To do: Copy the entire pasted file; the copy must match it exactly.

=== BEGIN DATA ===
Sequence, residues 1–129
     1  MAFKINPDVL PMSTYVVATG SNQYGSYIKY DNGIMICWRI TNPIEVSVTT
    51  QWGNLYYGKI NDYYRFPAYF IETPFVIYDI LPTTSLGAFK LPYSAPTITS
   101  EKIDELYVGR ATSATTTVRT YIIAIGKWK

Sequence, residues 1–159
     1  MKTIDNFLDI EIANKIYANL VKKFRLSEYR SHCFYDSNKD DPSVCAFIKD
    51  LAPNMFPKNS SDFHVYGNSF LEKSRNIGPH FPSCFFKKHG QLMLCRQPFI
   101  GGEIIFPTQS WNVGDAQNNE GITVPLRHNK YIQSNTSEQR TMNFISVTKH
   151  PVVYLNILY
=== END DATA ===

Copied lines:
Sequence, residues 1–129
     1  MAFKINPDVL PMSTYVVATG SNQYGSYIKY DNGIMICWRI TNPIEVSVTT
    51  QWGNLYYGKI NDYYRFPAYF IETPFVIYDI LPTTSLGAFK LPYSAPTITS
   101  EKIDELYVGR ATSATTTVRT YIIAIGKWK

Sequence, residues 1–159
     1  MKTIDNFLDI EIANKIYANL VKKFRLSEYR SHCFYDSNKD DPSVCAFIKD
    51  LAPNMFPKNS SDFHVYGNSF LEKSRNIGPH FPSCFFKKHG QLMLCRQPFI
   101  GGEIIFPTQS WNVGDAQNNE GITVPLRHNK YIQSNTSEQR TMNFISVTKH
   151  PVVYLNILY